You see, while Hanna-Barbera went to come up with THEIR own version of The Archies, Filmation was not sitting still with the concept, either, and in 1969, they debuted a new carton series, using the then out-of-use (in TV, at least) Hardy Boys property. Now Frank and Joe Hardy are still mystery solvers, but they’re also in a BAND!
That’s the actual session band that played the songs for the show.
And, sure enough, they included an African-American drummer!
Bob Crowder is the actual drummer seen above, but his character on the show was Pete Jones.
Oddly enough, Pete was not only a drummer – he would change instruments, sometimes DURING songs!
Here’s one song by the Hardy Boys – notice that Pete is playing guitar THEN he’s playing the drums.
Well, that’s nothing compared to the chubby kid in the group (whose voice on the show was INSANELY horrific) – in that same song, he plays…
the upright bass…
AND the sax!!
Paul McCartney, eat your heart out!
Here’s Pete from an episode of the show.
So in any event, The Hardy Boys came out in 1969, a year before Josie and the Pussycats. However, Josie and the Pussycats was a lot more popular, so Valerie’s got that going for her!
COMIC LEGEND: Marvel Comics did a Cheap Trick comic book in 1990!
In the late 1970s, with Marvel having done an Alice Cooper comic…
and a KISS comic…
and a Beatles comic…
It really wouldn’t have been that weird for Marvel to have done a Cheap Trick comic book.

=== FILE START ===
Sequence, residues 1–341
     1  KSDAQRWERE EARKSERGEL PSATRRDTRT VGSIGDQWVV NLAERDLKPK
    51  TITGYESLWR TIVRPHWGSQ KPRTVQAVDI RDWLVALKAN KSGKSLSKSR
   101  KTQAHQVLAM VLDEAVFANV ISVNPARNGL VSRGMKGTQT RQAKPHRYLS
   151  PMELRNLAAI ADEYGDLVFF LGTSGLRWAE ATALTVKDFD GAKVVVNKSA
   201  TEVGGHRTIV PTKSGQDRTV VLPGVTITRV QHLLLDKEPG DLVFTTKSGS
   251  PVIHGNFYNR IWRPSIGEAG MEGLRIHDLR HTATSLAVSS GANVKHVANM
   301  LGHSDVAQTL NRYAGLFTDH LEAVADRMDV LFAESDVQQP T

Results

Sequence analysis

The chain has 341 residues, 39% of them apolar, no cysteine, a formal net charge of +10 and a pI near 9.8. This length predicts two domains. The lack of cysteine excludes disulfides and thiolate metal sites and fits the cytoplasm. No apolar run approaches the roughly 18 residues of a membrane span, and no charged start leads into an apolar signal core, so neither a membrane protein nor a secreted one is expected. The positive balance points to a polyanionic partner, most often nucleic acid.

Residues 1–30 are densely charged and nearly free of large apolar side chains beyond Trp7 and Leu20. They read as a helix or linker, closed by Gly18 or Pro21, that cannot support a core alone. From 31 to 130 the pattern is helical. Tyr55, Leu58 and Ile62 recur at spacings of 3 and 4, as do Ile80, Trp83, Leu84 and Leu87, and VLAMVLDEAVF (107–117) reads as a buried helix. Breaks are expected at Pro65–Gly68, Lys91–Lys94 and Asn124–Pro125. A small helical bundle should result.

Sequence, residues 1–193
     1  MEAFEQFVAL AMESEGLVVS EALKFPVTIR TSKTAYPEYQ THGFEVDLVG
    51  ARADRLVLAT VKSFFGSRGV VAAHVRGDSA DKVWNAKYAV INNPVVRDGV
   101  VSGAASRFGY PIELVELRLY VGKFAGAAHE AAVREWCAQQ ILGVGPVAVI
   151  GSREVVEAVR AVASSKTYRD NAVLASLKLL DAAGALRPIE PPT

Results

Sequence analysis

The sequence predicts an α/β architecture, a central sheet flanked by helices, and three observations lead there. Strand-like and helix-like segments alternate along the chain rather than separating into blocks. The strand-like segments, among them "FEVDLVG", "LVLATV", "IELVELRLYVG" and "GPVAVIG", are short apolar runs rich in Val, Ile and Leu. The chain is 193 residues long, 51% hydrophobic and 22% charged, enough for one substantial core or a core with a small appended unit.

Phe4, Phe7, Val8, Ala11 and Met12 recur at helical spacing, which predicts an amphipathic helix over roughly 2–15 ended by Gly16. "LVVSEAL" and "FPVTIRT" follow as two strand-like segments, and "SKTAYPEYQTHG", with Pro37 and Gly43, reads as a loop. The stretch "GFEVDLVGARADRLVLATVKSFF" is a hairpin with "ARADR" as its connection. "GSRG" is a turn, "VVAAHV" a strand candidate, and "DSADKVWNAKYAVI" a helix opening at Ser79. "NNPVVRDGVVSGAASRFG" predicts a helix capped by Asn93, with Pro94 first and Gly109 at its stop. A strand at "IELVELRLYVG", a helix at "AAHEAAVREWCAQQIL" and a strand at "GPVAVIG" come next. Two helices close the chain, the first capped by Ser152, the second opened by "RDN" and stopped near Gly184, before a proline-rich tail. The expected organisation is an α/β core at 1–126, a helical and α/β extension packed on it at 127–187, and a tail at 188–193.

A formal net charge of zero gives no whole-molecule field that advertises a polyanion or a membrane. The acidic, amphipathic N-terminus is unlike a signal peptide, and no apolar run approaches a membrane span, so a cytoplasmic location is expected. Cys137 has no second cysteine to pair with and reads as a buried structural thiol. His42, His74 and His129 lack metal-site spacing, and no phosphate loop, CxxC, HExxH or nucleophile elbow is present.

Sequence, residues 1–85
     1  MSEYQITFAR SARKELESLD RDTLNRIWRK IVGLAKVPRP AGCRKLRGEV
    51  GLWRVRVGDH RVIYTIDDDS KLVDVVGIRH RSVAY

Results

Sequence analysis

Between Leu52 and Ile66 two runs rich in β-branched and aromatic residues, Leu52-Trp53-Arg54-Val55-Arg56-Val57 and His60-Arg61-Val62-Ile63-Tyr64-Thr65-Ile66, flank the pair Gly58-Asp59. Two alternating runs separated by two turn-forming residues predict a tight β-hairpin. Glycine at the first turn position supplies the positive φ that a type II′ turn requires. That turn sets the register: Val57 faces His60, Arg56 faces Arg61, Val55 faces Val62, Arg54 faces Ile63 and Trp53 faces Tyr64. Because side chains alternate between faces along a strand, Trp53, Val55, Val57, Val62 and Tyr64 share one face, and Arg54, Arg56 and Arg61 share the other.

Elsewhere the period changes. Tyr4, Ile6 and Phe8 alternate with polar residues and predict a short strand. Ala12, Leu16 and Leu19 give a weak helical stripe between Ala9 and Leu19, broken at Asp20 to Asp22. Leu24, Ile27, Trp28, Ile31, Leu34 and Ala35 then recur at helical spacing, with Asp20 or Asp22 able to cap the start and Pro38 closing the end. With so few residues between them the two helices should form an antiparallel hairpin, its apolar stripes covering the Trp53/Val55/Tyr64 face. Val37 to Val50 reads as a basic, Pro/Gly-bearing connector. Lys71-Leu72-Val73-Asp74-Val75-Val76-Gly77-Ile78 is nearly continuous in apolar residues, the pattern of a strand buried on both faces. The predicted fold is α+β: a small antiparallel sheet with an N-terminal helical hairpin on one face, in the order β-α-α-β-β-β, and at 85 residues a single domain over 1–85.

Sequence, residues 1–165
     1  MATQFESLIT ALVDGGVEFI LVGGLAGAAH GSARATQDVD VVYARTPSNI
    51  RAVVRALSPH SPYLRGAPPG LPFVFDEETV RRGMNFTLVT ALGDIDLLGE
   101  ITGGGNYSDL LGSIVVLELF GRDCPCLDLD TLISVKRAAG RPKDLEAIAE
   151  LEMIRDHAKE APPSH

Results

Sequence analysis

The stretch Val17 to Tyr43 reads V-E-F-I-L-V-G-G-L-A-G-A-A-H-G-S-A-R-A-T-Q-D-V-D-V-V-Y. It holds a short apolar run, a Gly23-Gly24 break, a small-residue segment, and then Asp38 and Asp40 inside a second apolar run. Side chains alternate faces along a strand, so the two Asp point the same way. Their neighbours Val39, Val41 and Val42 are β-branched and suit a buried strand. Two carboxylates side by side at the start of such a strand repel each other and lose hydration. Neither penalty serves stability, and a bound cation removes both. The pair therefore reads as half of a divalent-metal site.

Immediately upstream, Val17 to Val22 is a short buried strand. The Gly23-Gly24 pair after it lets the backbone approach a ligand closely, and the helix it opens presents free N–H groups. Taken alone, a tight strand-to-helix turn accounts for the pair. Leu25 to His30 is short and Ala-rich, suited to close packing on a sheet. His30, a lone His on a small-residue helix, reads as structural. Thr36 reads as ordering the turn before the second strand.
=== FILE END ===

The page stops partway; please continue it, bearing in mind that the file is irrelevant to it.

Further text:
Not at this point…
However, in 1990?!?
And yet that’s when Marvel did a promotional comic for Cheap Trick’s latest album, Busted.
Here’s the cover of the comic and the cover of the album…
The comic was written by Jim Salicrup and drawn by June Brigman, of Power Pack fame (well, she’s of Power Pack fame to ME, at least! She was awesome on that series!).
It is an “origin” story of sorts, for the group.
Here’s a taste…
That is one unbelievable comic book.
I wonder who was the driving force behind it being made?
COMIC LEGEND: Walt Kelly forced a band that named itself in honor of Pogo to change their name.
In 1968, two members of Buffalo Springfield, Richie Furay and Jim Messina, along with Rusty Young, who had played with the group, were looking to start a new band.
Inspired by a country music-esque song on the last Buffalo Springfield album, they decided to become a country rock band, one of the earliest such bands.
Their first album, “Picking Up the Pieces” is really quite good. It’s mostly ABOUT the Buffalo Springfield break-up.
In any event, their original name was Pogo, named after Walt Kelly’s classic comic character.
Kelly, though, was one of the few comic creators of his time to have full control over the rights of his creation (he had had a trademark on Pogo since the late 1940s), and he was very protective of those rights.
So he let the group know that he was not down with them using Pogo as the name of their band. I do not know if he ever went to the point of actually sending a cease and desist, or if it was simply a matter of “Hey, if you DON’T change it, THEN I’ll have to seek legal action.”
In any event, they complied, but since they were just beginning to hit the scene, in terms of getting a label to sign them, they did not want to change their name THAT drastically.
So they ended up with…
And some 50 albums later, does that count as “and the rest is history?”
I guess this will be the only Pogo band we’ll ever see…
Okay, that’s it for this week!
Feel free (heck, I implore you!) to write in with your suggestions for future installments! My e-mail address is firstname.lastname@example.org.
As you likely know by now, at the end of April, my book finally came out!
Here is the cover by artist Mickey Duzyj. I think he did a very nice job (click to enlarge)…
If you’d like to order it, you can use the following code if you’d like to send me a bit of a referral fee…
See you next week!